Citrus macrophylla(C-mac)Second and third newest leavesCTV CP-CP interacting BiFC plasmidsgfp/35S260–280 psi0.6/gold[8]
Olea europaeaL. cv CaninoSomatic embryogenesispZ085 and pCGUδ0gus/Ubi (sunflower)580 kPaTungsten or gold[44]
Olea europaeacv. “Picual”Embryogenic calluspCGU∆1gus/Ubi (sunflower)nptII900 psi1.0/gold60.2 mannitol72.7%[41]
Ananas comosus“Phuket” and “Pattavia”Leaves of micropropagated shootsAHC25gus/maize Ubibar/maize ubiquitin promoter1350 psiGold70.2 M mannitol66.7–86.4%[29]
Ananas comosusL. cv. “Smooth Cayenne”CalluspDH-kanR, pBS420, pART7.35S.GUS, pBS247.SCSV4.GUS, pGEM-Ubi-GFPgus/35S or SCSV4, gfp/maize Ubi-1 and ppogene (isolated from pineapple, for control of blackheart) under the control of 35S or maize Ubi-1nptII/35S or SCSV41000 kPa1.0/gold180.21–1.5%[32]
Mangifera indica “Carabaoand “Kensington Pride”Nucellar proembryonic massespBI426, pBINgfp-Sergus, gfp /CaMV 35SnptII/CaMV35S125 psi7/tungsten150.2 M mannitol1101 foci per microgram of DNA[46]
Phoenix dactyliferaL.
Emberyogenic calluspAct1-Dgus/5′ region of the rice actin 11100 psi1.6/gold90.4 M mannitol1383 GUS blue spots/bombard-ment[39]
Phoenix dactyliferaL.
Somatic embryospAct1-Dgus/5′ region of the rice actin 11350 psi0.6/gold60.4 M mannitol6–12 blue spots/bombard-ment[39]
Phoenix dactyliferaL.
Emberyogenic calluspBC4Cholesterol oxidase gene/35S, gus/35SKan resistance/35S1300 psiTungsten90.2 M mannitol[40]

Table 1.

Description of gene transformation to some economically important tropical and subtropical fruit trees through biolistic method.

In other experiment [18], researchers transferred to the Musaspp. (AAB group) cv. Maçã the three plasmid constructions harboring uidA gene including pBI426 (70S promoter), pFF19 (70S promoter), and pCAMBIA1303 (35S promoter). The plasmids had been precipitated on the tungsten particles using 20 μL of spermidine and 50 μL of CaCl2 and then accelerated to penetrate callus tissue located at 9 cm from stopping screen using 1100 psi helium pressure force. The transient expression was observed for all constructs, but the best result was obtained for pBI426 due to achievement of the highest regenerated plant after 3 months.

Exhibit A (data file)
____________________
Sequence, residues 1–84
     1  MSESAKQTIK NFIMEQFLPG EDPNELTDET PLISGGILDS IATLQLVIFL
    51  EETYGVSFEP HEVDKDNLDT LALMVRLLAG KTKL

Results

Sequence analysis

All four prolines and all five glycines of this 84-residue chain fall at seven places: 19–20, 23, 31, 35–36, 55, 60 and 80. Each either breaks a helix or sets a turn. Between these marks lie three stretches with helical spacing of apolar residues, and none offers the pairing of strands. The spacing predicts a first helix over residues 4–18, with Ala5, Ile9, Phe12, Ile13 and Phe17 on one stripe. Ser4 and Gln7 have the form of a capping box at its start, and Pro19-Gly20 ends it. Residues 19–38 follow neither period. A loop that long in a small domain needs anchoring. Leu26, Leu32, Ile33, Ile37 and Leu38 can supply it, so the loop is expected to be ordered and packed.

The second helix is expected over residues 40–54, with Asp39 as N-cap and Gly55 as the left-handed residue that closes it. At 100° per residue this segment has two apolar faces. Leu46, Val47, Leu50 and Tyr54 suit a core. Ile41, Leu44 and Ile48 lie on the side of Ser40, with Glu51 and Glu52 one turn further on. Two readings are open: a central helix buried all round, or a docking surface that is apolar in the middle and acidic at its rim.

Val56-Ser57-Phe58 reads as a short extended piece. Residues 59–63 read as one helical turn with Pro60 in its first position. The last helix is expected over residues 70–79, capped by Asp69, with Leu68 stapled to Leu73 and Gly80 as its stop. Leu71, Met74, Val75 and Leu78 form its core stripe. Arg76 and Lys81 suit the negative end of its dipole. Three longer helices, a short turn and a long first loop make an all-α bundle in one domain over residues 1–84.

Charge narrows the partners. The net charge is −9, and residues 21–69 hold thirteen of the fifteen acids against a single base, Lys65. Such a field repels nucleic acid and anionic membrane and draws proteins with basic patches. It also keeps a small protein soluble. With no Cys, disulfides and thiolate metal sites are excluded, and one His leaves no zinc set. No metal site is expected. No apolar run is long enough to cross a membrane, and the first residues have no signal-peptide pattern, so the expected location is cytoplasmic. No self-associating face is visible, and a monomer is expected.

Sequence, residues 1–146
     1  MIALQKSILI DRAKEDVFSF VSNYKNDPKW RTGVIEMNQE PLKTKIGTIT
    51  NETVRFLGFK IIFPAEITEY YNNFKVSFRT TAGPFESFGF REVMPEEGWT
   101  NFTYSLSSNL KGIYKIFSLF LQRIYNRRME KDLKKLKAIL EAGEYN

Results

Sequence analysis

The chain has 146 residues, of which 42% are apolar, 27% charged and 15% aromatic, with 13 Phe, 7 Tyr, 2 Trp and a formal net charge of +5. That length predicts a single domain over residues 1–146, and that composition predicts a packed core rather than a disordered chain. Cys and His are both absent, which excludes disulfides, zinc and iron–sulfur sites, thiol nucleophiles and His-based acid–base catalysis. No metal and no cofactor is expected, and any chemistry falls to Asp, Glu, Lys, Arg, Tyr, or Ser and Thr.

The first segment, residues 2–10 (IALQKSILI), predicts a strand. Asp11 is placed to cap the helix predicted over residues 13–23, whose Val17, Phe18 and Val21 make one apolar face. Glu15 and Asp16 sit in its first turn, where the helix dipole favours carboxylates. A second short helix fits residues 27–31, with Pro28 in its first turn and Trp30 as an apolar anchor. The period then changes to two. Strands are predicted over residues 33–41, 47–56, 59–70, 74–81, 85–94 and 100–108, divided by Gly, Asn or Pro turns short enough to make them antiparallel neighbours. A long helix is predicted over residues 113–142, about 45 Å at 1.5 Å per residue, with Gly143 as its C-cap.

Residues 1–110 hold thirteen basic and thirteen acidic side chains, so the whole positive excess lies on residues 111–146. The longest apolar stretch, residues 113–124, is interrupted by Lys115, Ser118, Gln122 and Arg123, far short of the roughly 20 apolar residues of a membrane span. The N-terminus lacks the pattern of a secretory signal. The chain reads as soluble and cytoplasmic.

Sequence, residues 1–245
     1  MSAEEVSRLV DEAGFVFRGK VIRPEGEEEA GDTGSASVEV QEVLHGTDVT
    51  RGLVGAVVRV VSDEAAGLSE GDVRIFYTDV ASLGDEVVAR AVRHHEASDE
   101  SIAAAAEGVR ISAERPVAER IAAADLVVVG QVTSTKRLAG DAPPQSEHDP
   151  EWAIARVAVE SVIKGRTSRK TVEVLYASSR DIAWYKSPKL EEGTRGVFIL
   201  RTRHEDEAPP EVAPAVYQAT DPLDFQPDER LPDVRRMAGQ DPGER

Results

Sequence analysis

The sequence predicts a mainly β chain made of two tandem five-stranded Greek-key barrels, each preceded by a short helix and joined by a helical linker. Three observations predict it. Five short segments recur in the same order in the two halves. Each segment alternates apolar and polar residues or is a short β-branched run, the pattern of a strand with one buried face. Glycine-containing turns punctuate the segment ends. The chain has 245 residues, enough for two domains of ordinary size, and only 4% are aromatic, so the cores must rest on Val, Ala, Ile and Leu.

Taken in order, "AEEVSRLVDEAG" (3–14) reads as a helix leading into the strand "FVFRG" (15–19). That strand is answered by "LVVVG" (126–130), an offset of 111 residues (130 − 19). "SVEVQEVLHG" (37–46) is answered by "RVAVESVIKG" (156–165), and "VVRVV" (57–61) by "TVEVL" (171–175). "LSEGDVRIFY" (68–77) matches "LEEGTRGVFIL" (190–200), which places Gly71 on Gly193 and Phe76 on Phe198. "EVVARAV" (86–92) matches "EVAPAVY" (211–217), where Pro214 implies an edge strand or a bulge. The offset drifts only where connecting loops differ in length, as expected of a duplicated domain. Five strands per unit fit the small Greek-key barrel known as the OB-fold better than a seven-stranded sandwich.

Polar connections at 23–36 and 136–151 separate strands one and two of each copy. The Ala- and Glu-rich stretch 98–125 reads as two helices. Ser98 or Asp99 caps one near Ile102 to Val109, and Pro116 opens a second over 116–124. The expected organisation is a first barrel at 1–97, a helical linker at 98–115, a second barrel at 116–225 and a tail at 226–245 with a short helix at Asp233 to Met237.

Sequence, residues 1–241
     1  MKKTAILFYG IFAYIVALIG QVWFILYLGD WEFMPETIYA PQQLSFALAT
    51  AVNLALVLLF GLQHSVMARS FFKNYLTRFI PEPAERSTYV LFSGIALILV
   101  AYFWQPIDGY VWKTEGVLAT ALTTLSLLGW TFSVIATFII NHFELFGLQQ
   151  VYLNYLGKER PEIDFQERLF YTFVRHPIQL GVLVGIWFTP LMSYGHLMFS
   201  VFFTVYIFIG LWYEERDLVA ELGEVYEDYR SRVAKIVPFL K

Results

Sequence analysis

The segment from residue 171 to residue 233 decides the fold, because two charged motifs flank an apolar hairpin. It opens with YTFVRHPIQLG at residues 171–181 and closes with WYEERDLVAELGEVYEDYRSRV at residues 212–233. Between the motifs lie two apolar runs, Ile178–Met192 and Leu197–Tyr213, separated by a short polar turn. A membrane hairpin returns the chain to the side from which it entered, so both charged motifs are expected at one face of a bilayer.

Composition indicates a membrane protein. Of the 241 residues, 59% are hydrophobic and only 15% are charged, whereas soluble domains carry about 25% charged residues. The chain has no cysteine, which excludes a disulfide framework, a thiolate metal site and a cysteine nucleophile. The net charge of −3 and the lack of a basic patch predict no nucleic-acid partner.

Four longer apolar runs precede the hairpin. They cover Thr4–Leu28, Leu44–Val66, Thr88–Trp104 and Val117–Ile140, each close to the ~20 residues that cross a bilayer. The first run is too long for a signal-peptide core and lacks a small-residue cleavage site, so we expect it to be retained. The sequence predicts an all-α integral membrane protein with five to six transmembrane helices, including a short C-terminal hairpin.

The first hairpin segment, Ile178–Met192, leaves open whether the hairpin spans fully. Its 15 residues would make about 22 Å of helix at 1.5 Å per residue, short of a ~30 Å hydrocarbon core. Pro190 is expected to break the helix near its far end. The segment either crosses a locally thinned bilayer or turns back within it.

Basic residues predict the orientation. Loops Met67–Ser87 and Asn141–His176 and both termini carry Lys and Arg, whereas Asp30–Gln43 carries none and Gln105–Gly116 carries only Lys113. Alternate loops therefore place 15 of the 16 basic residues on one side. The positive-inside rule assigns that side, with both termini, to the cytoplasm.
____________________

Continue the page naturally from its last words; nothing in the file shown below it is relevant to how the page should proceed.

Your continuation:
For obtaining a successful transformation through the biolistic method, it is important to reduce physical stress entered on target tissues promoted by bombardment shock waves. Bombarded tissues may reduce their regeneration potential especially in the case of embryogenic callus and immature tissues. Therefore, such sensitive tissues should bombard with lower helium pressures and target distance. In most studies on gene transformation of banana by biolistic methods, it had been found that best results were obtained in 1100–1350 psi helium pressure and 6–9 cm target distance (Table 1).

Another strategy for increasing the transformation frequency in biolistic method is the integrating biolistic with Agrobacterium-mediated transformation especially with monocotyledons plants. It has been found that the infection of the Gongjiao (Musa acuminataL. AA group, cv. Mas) floral apices with Agrobacterium tumefaciens(AGL1 contains pCAS04) suspension for 30 min after bombardment thrice with pCAS04 plasmid coated on the 0.6 μm gold particles under 1300 psi helium pressure force was increased transformation frequency 1.6- and 3.3-fold higher than that of gene gun and Agrobacteriummethods, respectively [15].

2.1 Plant-based vaccine

Hepatitis B virus (HBV) is a worldwide disease causing chronic and acute infections in the human liver. Therefore, needful to produce a vaccine for this disease is very important. On the other hand, production of vaccines required a high cost whereas may not be possible to secure the large segment of the population in the world. An attempt was made by [19], to transfer the HBsAggene, coding hepatitis B surface antigen to banana cv. Williams to make an alternative plant-based oral vaccine. After the bombardment of the banana meristems with pBHsAg plasmid vector harboring bargene (inactivates phosphinothricin) as a selectable marker and HBsAggene, they had detected the expression of antigen in banana which may have a potential to use it for security against this disease.